When planning your estate, keep in mind your “digital” property. We tend to think of our physical assets, such as a home, bank accounts, retirement account and life insurance. Consider online banking, for instance. Who has access to that information, including passwords? What about family photos, social media profiles and similar “assets?” If you store your family photos on line, who can gain access to them after your death? Each social media provider has its own set of rules regarding access. Each on line bank account and investment account is subject to the rules of the company that handles these assets. Do you know its rules for transfer of ownership?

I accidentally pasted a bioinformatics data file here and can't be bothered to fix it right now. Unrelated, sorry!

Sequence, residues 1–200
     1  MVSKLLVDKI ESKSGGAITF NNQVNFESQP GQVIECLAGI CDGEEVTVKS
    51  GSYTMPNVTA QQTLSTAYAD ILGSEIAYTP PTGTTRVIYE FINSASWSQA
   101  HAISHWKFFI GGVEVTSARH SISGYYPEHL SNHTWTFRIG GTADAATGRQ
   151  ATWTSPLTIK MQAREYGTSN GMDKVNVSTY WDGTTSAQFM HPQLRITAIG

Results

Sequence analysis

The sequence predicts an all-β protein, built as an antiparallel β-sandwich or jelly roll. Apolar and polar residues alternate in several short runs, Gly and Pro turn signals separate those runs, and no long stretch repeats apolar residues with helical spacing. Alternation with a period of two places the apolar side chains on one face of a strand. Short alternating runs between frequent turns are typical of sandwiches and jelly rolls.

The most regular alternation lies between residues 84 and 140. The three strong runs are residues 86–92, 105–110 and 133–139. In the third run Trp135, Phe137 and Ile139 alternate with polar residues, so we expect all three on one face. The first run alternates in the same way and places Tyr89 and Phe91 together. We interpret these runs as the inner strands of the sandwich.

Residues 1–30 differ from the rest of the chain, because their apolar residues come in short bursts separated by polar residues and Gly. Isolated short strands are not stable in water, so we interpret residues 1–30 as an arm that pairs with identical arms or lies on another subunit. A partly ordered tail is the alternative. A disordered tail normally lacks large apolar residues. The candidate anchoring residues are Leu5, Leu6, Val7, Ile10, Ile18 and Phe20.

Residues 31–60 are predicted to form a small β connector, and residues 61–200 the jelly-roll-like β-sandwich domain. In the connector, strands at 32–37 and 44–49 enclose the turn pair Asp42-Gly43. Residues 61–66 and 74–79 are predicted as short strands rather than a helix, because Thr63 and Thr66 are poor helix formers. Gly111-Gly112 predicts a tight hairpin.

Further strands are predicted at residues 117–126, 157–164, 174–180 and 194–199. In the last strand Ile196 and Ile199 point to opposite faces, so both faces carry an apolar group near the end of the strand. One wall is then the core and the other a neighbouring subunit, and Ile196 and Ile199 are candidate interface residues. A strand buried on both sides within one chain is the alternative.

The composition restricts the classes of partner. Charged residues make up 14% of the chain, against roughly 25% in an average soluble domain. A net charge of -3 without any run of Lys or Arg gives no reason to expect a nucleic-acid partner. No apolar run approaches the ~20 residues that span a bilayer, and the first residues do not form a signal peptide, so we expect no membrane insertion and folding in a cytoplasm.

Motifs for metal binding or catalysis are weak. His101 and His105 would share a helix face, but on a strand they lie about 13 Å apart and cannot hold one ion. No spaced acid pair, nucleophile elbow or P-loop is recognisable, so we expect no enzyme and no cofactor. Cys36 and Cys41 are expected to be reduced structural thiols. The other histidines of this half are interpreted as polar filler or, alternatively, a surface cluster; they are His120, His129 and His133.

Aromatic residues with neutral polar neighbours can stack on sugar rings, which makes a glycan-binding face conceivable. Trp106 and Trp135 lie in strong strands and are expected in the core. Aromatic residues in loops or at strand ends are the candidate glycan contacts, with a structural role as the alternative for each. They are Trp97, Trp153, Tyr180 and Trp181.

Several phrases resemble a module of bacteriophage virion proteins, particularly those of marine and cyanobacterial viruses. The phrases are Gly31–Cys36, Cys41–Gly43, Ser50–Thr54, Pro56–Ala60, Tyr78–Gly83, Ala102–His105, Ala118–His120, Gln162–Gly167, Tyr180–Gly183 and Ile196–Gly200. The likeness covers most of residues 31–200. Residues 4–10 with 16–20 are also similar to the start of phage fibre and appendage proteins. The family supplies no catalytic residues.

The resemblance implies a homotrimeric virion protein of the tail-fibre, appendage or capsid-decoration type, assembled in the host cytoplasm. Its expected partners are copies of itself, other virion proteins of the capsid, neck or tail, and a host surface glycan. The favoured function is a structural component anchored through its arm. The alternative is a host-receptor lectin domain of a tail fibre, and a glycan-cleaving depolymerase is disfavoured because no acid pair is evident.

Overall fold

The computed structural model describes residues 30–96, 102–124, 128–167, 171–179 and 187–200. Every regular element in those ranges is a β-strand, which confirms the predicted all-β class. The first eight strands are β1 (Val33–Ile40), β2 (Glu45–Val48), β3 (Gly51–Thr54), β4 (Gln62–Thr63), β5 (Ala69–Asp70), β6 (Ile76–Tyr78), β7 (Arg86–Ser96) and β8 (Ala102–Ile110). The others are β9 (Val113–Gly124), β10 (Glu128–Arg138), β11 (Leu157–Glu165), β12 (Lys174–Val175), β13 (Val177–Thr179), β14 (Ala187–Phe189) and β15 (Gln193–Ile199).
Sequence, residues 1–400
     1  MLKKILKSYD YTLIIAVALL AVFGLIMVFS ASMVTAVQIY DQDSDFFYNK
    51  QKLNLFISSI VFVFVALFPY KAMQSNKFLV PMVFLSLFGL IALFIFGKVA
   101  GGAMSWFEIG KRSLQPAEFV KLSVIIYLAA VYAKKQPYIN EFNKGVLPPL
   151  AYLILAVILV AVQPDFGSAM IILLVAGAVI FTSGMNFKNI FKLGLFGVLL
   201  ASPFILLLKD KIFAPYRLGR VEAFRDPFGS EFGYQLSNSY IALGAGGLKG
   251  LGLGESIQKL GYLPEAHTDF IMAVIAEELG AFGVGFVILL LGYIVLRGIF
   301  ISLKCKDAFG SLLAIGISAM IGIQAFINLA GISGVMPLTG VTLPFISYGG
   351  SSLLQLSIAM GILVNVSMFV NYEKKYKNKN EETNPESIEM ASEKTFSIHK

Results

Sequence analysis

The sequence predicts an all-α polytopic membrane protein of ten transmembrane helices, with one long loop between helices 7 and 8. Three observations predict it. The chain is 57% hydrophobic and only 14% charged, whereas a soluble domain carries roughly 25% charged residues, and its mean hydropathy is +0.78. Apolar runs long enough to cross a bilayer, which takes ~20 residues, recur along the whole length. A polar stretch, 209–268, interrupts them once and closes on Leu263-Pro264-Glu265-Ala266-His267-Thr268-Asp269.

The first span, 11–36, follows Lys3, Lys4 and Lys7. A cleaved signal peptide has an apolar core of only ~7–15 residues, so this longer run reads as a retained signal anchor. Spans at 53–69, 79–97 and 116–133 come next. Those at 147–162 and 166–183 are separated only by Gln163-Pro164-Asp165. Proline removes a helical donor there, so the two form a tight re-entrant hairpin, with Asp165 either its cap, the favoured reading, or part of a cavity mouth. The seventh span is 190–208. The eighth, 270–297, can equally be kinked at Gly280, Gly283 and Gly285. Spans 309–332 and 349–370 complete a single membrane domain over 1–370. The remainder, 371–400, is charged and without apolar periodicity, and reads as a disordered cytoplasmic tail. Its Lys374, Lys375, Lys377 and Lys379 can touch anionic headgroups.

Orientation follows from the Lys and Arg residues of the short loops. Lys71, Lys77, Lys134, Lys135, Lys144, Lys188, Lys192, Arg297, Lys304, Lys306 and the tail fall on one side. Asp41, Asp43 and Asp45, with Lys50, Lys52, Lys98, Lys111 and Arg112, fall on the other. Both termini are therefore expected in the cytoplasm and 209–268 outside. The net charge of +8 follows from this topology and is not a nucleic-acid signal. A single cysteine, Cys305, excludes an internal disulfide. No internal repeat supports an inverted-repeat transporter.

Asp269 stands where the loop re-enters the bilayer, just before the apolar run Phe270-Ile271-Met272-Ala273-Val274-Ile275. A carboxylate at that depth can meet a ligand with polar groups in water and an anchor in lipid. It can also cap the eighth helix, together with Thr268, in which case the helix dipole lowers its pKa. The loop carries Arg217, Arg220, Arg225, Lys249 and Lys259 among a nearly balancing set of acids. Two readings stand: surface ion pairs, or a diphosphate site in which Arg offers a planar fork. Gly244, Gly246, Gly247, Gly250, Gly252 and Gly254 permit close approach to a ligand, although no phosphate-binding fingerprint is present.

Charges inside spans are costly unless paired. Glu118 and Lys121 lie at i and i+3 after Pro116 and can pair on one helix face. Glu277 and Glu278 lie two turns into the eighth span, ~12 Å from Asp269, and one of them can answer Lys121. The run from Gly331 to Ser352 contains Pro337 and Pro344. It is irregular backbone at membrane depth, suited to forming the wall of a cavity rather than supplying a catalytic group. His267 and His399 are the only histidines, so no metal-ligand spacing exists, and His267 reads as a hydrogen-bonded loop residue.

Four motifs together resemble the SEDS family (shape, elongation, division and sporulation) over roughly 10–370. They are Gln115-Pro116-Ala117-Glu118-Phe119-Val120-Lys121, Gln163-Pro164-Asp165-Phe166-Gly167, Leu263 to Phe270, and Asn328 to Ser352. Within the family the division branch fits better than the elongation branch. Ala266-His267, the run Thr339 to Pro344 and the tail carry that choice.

As a part of a comprehensive estate plan, even one with a basic will, include specific language and directions on how such assets are handled. Many companies do not recognize a general disposition of assets to include “digital” accounts. The best way to deal with this is to include a specific reference to these assets, so that an Executor can provide the express language in a will (or trust) to the company and direct the distribution of them to your heirs. Also consult the terms of your “online” agreement, which may contain express instructions on how to transfer such upon death.
Gabriel Berry Weston & Wells, L.L.P.
Richard W. Gabriel